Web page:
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Britishisms

A discussion of the peculiarities of languages and the differences between them.

Britishisms

Postby Perry Lassiter » Sun Mar 25, 2012 3:29 pm

Reading MC Beaton's latest book about a cop in far north Scotland, and once again I'm hit by britspeak, most of which I understand, but don't comprehend. A new one for me is "hunting box." When I first saw it I thought deer stand or duck blind. No, it seems to be a two story house with a stair case. Later it is called a hunting lodge, but mostly he keeps calling it a box.
And of course, there's may favorite pet peeve, they are sitting out in the garden. Mention garden anywhere around here, and we think vegetable garden. Occasionally we refer to flower gardens. Apparently they don't have lawns in Brit lands. I recommend them. What, pray tell, do they call tilled and planted plots raising greens, peas, and shallots. Oh - and potatoes, which must grow up there, witness the Irish potato famine. (Actually, it was more than lack of potatoes that was starving them.
pl
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Postby Perry Lassiter » Sun Mar 25, 2012 5:05 pm

PS- we actually say "yard" more than lawn, as in front yard, back yard, even side yard.
pl
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Postby Philip Hudson » Wed Mar 28, 2012 12:26 am

The English and we in the USA often use different words to name the same thing. Windshields are windscreens. A car trunk is a boot. A shoulder of a road is a verge. I think you will find that our yard is the English garden. Our garden (vegetable) is the English kitchen garden. The English yard, when using it to describe a part of the domicile, is more like my side yard where I store my junk. Then there is Scotland Yard that is not Scottish and not any kind of yard.

Compare the way and the English and we each pronounce foreign words that have come into our common language? We, with sometime disastrous results, try to pronounce them the way the foreigners do. The English try to make some English phonetic sense out of the words. We pronounce an absent t in Nazi because the Germans seem to. The English see no t so they don't say it. They just say NAH-zee. Look how we have both destroyed the French word garage. Us red necks say grag or grawg. Other Americans try to say something like guh-RASH. The English say GAR-ig.

I have been to England about twenty times. I really enjoy the differences.

We could talk about the Irish potato famine but it is an involved historical subject that doesn’t do much to advance our discussion of language. It did make England and the USA much more Irish. Post me a private message if you want to talk about it.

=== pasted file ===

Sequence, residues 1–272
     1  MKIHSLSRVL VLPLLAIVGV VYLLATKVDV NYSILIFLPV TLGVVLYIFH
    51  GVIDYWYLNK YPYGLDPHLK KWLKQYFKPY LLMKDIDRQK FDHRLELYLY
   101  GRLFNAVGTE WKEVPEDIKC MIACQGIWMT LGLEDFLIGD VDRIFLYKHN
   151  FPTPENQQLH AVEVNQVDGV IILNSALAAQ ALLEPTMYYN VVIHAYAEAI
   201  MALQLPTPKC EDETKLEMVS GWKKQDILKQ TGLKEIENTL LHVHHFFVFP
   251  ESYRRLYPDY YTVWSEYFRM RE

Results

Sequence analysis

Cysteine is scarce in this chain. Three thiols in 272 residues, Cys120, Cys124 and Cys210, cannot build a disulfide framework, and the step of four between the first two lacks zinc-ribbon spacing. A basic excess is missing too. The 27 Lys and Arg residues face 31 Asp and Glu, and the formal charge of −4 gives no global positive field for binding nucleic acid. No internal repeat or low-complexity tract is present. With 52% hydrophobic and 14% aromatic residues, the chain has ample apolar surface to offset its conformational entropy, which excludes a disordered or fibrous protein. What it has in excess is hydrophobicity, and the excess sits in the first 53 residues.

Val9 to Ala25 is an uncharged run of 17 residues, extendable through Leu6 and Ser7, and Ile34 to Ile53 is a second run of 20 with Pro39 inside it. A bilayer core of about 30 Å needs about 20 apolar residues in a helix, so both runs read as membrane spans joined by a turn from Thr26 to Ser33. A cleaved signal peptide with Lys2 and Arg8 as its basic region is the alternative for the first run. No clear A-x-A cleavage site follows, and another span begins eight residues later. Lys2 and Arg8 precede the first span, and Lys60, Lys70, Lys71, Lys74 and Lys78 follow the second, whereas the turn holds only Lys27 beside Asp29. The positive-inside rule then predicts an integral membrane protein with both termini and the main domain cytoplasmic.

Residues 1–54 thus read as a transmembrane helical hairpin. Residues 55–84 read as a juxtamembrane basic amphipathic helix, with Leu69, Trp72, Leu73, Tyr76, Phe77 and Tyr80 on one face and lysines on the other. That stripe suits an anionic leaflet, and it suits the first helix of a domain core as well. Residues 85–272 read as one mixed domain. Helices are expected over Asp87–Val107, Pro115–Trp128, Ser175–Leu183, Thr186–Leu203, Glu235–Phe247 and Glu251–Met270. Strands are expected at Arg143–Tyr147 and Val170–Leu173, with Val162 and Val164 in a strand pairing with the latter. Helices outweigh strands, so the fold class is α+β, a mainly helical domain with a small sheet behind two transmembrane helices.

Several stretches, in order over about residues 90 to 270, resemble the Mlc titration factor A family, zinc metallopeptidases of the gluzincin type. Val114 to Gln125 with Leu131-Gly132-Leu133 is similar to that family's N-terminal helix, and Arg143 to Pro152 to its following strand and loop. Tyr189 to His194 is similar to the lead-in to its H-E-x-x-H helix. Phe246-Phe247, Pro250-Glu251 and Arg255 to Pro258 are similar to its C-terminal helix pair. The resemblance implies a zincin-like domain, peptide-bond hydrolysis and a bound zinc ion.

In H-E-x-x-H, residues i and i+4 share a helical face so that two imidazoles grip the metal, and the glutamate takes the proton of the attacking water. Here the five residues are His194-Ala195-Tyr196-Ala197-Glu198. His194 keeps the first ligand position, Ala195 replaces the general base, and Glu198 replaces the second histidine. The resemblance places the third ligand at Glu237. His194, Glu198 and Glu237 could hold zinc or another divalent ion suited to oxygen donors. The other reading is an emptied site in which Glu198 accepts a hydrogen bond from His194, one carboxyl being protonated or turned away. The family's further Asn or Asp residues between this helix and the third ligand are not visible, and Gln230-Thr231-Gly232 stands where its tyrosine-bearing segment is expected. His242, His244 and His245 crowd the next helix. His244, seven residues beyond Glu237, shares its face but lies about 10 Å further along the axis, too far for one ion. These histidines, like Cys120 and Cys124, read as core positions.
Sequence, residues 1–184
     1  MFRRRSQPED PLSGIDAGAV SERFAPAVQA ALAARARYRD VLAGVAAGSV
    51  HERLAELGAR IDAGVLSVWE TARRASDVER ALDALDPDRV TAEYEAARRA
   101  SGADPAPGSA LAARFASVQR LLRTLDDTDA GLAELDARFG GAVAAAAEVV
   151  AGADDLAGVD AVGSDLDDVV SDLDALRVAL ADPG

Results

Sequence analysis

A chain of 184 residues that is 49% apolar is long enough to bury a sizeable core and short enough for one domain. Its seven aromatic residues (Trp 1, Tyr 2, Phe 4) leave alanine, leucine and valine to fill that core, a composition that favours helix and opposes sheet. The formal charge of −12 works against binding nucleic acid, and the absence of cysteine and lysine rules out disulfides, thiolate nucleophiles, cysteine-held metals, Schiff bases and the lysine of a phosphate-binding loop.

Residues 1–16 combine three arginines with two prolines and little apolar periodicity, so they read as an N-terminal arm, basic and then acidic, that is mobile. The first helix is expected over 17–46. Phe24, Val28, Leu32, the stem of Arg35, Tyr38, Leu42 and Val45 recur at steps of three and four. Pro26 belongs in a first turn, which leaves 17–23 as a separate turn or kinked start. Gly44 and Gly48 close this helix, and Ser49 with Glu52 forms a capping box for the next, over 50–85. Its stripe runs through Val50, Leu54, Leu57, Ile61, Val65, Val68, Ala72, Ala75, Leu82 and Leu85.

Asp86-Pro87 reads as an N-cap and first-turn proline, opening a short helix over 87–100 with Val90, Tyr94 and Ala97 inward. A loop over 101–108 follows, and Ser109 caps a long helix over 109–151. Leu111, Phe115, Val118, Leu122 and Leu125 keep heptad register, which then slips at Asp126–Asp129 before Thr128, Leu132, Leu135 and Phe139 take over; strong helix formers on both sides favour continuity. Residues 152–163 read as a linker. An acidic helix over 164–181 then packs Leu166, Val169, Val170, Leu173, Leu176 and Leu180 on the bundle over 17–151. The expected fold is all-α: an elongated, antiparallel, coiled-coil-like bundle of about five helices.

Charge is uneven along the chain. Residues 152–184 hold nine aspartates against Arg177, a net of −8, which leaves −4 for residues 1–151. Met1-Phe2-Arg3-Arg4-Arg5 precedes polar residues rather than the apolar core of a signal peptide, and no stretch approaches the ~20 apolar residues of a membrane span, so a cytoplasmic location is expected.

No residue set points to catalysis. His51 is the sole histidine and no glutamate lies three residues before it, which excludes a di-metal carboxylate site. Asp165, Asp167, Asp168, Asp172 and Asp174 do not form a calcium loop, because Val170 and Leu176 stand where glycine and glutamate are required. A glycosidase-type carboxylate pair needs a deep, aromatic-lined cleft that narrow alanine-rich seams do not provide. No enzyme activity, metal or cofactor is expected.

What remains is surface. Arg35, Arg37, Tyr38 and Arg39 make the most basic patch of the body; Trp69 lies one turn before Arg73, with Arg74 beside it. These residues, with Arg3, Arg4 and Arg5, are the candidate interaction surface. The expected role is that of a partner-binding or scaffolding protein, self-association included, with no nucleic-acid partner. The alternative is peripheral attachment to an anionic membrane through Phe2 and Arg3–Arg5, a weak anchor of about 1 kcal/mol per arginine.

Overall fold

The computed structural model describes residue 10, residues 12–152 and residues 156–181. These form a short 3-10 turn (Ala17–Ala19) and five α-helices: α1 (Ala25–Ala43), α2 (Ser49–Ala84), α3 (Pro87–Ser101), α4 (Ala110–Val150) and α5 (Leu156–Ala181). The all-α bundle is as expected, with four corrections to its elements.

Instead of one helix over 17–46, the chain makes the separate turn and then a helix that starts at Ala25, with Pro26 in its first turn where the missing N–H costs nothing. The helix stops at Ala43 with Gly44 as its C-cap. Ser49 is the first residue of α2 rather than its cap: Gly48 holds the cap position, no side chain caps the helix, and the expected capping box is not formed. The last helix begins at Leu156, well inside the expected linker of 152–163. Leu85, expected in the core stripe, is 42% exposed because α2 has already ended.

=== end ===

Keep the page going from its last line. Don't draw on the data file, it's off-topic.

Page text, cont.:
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Postby Perry Lassiter » Wed Mar 28, 2012 1:39 pm

Thanks, esp for the dif in English pronunciations based on source. When I come across a new foreign word in reading, I automatically pronounce it like Spanish. Sometimes I find it doesn't work. Never remember hearing Nazi pronounced without the t. I once had a British roommate who regularly said shedule instead of skedule, which sounded nice.
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Postby Slava » Wed Mar 28, 2012 3:40 pm

As to Nazi, I actually know a couple of real ones. It's not an uncommon name in Georgia (the country). I told them to make sure they transliterate it as Nahzi, which is how it's pronounced there.
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Re: Britishisms

Postby SheriS » Tue Jul 15, 2014 10:03 pm

Having grown up in Michigan, when I moved to Australia and subsequently to New Zealand (where I have now lived for more than 32 years), I naively thought I spoke English, only to realise I actually spoke American! The locals could understand me because they had American TV, but I had to work hard to learn to understand them. Part of the difference is accent and part of it is dialect.

It can be a trap when the same word has a different meaning. For example, in USA a biscuit is something soft, more like a scone....in Australia / NZ, a biscuit is what Americans call a cookie...or a cracker (also known as a water biscuit)!

I remember co-hosting a dinner party in Melbourne, and one of the guests was helping me to set the table. I suggested using a pitcher for water; she turned around and said, "A picture of what? Oh - you mean a jug!"

British usually refer to their backside as their bum rather than as their butt. And word the word fanny - innocuously referring to your bottom in USA, in British-influenced Australia and NZ, refers to a part of the anatomy specifically frontal and female.....*blush* People generally only ever get caught out on that one once!!

Oh - another Britishism is that you must never refer to someone as she - they will generally snap back at you "SHE is the cat's mother!"
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Re: Britishisms

Postby Bazr » Wed Jul 16, 2014 4:37 am

This link is to a good little article I read on differences between America & Australia
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